Hurricane Harvey left our friends and family in Texas devastated in the last few days of August 2017. Hurricane Irma is currently ravishing Florida. Thousands of people were forced to leave with nothing more than what they can carry on their backs, leaving many cherished, precious and timeless pieces of their lives behind to be overtaken by the rising water.
A childhood friend of mine and his family were one of those affected by the floods of Hurricane Harvey. They kept us all updated on their situation via social media posts both during and after the storm. The water kept rising and rising and rising; it felt like it would never stop rising. They waited as long as they could with their family of three, soon to be four, but the time came for them to leave and retreat to safety. My friend put his (almost) 2-year-old son, pregnant wife, himself and a few necessary hygiene and clothing items in a boat to ride to safety, just like thousands of other families.
I connected with him in the midst of it all while they were in a shelter shortly after they left their home. “We lost everything.”, he told me. My heart sank for him and his family. I also thought about the thousands of others in the same situation. My heart sank even deeper. “How can I help?”, was the only response I could think of at the time. “Keep praying for all those still stranded like we were.” he replied. Here he was in one of the most devastating moments of his entire life and he was encouraging me to think and pray for others.
His next response gave hope. “We may have lost everything when it comes to our ‘stuff’, but we are all together and safe. That’s all that matters. Our things can always be replaced. Hey, we may even come back better after all of this” he told me with gratitude in his voice. “Wow!” I thought. How BIG is what he just said?!
When we look at our lives in the most basic of forms, what are the things that matter the most? What absorbs the most of our attention?
For my friend, it’s clearly the people we love the most in our family and close friends. We’ve all heard the cliché, yet true, statement referring to material things, “You can’t take it with you when you die.” But why do we give material stuff so much energy and attention? According to the Bureau of Labor Statistics, Americans spent over $56,000 last year on “things”. Housing, transportation, food and clothing were the largest categories. That’s more than some Americans make in an entire year!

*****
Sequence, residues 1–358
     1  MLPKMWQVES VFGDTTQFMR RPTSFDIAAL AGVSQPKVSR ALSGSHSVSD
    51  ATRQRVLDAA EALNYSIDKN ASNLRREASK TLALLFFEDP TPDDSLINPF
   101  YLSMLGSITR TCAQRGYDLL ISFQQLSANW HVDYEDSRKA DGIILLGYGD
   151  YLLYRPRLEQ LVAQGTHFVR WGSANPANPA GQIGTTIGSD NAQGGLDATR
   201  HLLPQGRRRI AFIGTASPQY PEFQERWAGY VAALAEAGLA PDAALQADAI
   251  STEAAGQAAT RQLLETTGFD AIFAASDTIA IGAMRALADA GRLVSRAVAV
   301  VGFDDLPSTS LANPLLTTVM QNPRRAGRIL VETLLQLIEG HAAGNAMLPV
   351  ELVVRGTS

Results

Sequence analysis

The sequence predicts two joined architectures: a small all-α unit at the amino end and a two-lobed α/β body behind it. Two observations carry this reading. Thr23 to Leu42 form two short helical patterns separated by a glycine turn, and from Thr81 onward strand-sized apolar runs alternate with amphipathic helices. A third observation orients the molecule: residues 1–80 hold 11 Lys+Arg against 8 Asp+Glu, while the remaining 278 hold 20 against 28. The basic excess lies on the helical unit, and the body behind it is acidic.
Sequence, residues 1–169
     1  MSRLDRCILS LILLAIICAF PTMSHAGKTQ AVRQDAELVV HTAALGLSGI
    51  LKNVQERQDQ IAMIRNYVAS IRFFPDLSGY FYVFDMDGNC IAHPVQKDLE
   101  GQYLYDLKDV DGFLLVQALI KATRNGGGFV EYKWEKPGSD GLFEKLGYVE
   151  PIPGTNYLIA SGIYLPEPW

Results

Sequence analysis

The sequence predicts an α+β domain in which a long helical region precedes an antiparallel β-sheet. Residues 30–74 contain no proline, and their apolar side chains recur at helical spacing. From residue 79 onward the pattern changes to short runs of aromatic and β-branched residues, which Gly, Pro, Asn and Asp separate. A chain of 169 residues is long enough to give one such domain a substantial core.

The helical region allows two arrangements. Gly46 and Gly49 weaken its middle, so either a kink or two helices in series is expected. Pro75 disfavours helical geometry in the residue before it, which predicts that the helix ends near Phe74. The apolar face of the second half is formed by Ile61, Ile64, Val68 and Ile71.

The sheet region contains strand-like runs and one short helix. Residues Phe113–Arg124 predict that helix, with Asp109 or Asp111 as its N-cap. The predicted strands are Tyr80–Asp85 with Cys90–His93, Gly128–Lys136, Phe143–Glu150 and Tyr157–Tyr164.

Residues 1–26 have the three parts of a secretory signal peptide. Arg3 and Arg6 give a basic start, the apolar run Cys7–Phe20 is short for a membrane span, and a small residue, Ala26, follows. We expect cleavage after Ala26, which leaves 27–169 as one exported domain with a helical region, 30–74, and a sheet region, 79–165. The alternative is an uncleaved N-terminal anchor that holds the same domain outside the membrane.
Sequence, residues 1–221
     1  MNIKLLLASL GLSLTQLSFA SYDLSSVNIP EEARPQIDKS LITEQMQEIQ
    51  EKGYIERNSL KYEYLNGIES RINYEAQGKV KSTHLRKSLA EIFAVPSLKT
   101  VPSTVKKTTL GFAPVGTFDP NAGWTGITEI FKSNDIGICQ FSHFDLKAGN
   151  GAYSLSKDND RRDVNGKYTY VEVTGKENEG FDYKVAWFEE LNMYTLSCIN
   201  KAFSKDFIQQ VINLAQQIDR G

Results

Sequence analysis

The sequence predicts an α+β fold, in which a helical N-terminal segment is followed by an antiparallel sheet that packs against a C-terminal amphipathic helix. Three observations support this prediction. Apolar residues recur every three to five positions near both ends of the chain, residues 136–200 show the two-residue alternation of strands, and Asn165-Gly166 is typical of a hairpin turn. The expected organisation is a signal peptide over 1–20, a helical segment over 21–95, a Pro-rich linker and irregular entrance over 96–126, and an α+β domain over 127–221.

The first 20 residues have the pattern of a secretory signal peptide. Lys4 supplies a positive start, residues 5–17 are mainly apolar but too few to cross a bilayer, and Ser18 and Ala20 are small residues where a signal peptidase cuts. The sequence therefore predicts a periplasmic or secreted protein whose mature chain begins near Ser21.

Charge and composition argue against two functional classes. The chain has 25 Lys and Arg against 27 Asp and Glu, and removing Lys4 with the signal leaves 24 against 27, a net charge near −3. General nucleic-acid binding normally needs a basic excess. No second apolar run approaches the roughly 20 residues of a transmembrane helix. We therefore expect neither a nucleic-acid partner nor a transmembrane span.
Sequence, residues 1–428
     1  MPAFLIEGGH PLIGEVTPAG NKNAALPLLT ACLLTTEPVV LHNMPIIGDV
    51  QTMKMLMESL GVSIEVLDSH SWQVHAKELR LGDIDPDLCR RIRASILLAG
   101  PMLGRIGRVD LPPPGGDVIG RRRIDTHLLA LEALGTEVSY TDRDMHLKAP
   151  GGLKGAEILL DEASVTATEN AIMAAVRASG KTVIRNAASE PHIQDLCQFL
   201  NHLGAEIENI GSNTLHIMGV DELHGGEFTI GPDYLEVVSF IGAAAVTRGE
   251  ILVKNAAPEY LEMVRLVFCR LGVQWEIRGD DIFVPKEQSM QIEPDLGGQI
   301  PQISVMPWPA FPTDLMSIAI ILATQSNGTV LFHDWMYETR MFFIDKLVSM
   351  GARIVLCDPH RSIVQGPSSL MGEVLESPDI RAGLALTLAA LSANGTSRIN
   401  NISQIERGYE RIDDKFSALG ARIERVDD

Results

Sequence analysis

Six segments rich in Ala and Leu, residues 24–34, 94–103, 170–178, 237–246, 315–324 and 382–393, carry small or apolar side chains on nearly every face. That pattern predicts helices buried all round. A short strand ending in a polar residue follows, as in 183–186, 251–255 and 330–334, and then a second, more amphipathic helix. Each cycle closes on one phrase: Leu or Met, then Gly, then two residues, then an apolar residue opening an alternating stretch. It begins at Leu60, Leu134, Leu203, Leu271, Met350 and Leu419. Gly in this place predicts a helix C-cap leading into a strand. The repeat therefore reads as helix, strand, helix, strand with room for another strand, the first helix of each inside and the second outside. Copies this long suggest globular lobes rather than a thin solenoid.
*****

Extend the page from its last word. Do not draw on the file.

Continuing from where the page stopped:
I thought for a long time about what my friend said about the stuff they lost in the flood and what matters most to me. I can always replace a car, a closet of clothes, a living room stocked with cool electronics, but I can never replace the people closest to me. It was a sobering reminder of where my focus really should be: on the people I’m doing life with.
Another thing that’s been uplifting after these massive storms is the amount of support other people are freely giving, without hesitation. It’s been extremely moving and encouraging to watch my fellow humans coming to the aid of those folks who are in such a huge need right now! Millions of dollars are being donated to relief efforts and the Red Cross by major corporations from across the U.S., and thousands of people are taking time off from work and school to go and lend a hand wherever they possibly can. This is the United States of America that I know and am proud to see shining in the light for all to see.
So what are the most important take aways we should pull from these devastating events?
- Devastating events may bring us to a screeching pause, but we have the inner power to pick up and keep move forward.
- Losing things and restarting could be an opportunity to build something new and greater than before.
- A thriving life is not about the amount of stuff we can accumulate but entirely about the safety, well-being, and security we have with the people around us.
- Make sure you don’t let a moment of expressing love pass you by.
- Helping others in need is the core of what unites us. You may just need a hand extended to you one day.
God bless the people affected by these storms, the volunteers, and God Bless America!